Any time you melt chocolate, remember to move slowly. Heat in 20-30 second bursts and stir well at every increment, otherwise the chocolate is likely to get too hot and seize into a grainy mess.
Store in an airtight container at room temperature for up to 3-5 days.
A Few Tips For Perfect Cookies:
- Whenever measuring flour with measuring cups, always stir the flour, then lightly spoon it into the measuring cup before leveling it off. Read more about why it’s important to measure flour this way in my how to measure flour post.
- Don’t over-bake, or they’ll be crispy! When you remove the cookies from the oven, they may seem slightly under-baked in the center. Let them cool completely on the baking sheet and theyll finish baking there and will be soft and chewy once cooled.
- ‘Any time you are melting chocolate do so in brief increments of about 20-30 seconds and always stir in between to keep the chocolate from seizing. This applies to both when you melt the chocolate and butter together for your cookie dough and when you melt the chocolate to dip the cookies.
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Let’s bake together! Don’t forget to watch the how-to VIDEO in the recipe card! If you try this recipe, please leave me a comment and let me know what you think!
Chocolate Peanut Butter Sandwich Cookies
- ½ cup unsalted butter cut into Tablespoon-sized pieces, (113g)
- 2 cups semisweet chocolate chips (340g)
- ¾ cups light brown sugar packed (150g)
- ½ cup granulated sugar (100g)
- 2 large eggs + 1 egg yolk room temperature preferred, lightly beaten
- 1 teaspoon vanilla extract
- 1 ½ cup all-purpose flour (plain flour) (190g)
- 2 Tablespoon natural cocoa powder
- 1 teaspoon cornstarch
- ½ teaspoon baking powder
- ½ teaspoon baking soda
- ¾ teaspoon salt
Peanut Butter Filling¹
Optional Chocolate Shell
- 10 oz dark melting chocolate (283g) (you may substitute 1 ½ cups chocolate chips instead, if the chocolate is too thick to dip easily, thin with 1 teaspoon shortening).
- chocolate sprinkles optional
- Preheat oven to 350F/175C and line cookie sheets with parchment paper.
- In large, microwave-safe bowl, combine butter and chocolate chips. Microwave for 30 seconds and stir, repeating at 15 second increments until chocolate and butter are completely melted.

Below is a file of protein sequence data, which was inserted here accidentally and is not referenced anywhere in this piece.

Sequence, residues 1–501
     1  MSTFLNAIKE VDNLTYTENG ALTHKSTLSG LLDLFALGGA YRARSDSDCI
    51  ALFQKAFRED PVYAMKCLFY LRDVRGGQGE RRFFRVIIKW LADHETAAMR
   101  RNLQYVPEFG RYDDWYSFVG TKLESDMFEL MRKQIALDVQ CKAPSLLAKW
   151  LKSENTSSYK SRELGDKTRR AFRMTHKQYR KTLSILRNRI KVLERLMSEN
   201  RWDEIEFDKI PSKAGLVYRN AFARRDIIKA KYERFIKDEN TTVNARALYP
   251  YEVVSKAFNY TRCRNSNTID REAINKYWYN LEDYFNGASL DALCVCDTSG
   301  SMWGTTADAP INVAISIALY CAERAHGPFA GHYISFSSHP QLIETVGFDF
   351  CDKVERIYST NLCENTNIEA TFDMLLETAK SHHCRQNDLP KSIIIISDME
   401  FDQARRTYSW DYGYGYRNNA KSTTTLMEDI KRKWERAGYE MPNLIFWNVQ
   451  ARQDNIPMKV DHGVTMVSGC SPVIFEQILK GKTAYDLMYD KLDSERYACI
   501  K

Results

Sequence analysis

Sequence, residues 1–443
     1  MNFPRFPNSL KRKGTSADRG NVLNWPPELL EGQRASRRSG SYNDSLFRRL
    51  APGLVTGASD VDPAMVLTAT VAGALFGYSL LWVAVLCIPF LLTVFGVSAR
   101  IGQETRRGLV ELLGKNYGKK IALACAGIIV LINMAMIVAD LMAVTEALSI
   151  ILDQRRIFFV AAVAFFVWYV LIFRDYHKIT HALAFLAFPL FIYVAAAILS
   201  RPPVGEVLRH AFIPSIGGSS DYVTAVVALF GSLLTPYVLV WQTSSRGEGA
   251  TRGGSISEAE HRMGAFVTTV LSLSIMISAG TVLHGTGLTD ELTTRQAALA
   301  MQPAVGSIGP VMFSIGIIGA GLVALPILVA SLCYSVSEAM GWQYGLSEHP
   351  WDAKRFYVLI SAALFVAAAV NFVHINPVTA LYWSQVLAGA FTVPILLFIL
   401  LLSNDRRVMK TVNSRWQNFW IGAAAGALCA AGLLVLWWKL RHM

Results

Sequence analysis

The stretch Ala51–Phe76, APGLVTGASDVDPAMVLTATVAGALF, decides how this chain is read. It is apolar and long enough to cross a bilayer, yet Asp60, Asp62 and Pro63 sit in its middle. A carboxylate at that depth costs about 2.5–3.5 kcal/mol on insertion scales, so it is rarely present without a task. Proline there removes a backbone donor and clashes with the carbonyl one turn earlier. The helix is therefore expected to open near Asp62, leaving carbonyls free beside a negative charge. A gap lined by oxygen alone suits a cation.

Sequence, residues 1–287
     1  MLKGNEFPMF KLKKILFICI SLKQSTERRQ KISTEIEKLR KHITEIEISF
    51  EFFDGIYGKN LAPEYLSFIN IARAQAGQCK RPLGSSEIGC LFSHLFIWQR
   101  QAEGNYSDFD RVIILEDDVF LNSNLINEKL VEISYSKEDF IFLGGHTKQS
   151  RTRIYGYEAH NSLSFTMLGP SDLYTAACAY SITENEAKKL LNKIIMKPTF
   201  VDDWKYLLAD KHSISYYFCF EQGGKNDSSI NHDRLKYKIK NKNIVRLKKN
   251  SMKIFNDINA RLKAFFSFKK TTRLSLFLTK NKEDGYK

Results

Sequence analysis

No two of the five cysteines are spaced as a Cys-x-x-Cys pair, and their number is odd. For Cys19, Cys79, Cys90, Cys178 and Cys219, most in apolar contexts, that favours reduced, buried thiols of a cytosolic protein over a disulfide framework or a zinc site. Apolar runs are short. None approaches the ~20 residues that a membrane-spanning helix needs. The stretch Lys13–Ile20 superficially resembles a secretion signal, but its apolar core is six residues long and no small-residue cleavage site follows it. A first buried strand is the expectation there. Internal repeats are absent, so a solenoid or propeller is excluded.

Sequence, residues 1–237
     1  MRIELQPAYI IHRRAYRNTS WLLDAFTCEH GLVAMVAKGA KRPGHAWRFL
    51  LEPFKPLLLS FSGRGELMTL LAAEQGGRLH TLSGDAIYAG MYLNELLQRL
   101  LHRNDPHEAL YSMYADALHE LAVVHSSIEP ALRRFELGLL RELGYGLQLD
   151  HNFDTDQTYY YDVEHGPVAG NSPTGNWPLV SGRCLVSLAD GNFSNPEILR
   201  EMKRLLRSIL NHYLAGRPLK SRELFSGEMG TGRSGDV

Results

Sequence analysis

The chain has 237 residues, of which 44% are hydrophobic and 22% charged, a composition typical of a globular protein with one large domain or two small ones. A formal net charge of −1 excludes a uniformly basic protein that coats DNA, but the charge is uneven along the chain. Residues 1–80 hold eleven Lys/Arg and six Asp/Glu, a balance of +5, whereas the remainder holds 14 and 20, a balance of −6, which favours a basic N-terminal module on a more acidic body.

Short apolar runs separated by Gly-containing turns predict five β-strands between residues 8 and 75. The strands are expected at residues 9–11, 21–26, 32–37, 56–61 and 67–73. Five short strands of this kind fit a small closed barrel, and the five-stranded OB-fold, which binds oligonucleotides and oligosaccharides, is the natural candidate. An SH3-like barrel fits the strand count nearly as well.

- Remove from microwave, stir well, and allow to cool slightly before proceeding.
- Once butter/chocolate mixture has cooled, stir in sugars, eggs and vanilla.
- In separate, medium-sized bowl, whisk together flour, cocoa powder, cornstarch, baking powder, baking soda, and salt.
- Gradually stir flour mixture into butter mixture until completely combined.
- Drop cookie dough by rounded 2 teaspoon-sized scoop onto parchment paper, pressing down slightly. Bake in 350F/175C oven for 8-10 minutes, then allow to cool on cookie sheet.
- In KitchenAid or with electric handmixer, cream together peanut butter and butter.
- With mixer on low-speed, gradually stir in powdered sugar until completely combined (be sure to scrape down the sides of the bowl so all ingredients are well incorporated).
- Stir in vanilla extract.
- Add milk, one Tablespoon at a time, until well-combined. Check the consistency at 3 Tbsp and if it is much too thick add the fourth Tablespoon (conversely, if you make it too runny, you may add more powdered sugar).
- Spread or pipe (I used an Ateco 848 piping tip) the filling onto the bottom of one of your cooled cookies. Sandwich with another evenly-sized cookie.
- Once all cookies have been filled and paired, melt chocolate according to package instructions and dip cookies ⅓-½ of the way in your melted chocolate. Immediately sprinkle with chocolate jimmies, if desired, and allow to harden before enjoying.
StoringStore in an airtight container at room temperature for 3 days.
Nutritional information is based on third-party calculations and should be considered an estimate only. Actual nutritional content will vary based upon brands used, measuring methods, cooking method, portion sizes, and more.
This recipe was first published 02/24/2016. I’ve since updated the photos, added tips, and included a step-by-step video! See an original photo below: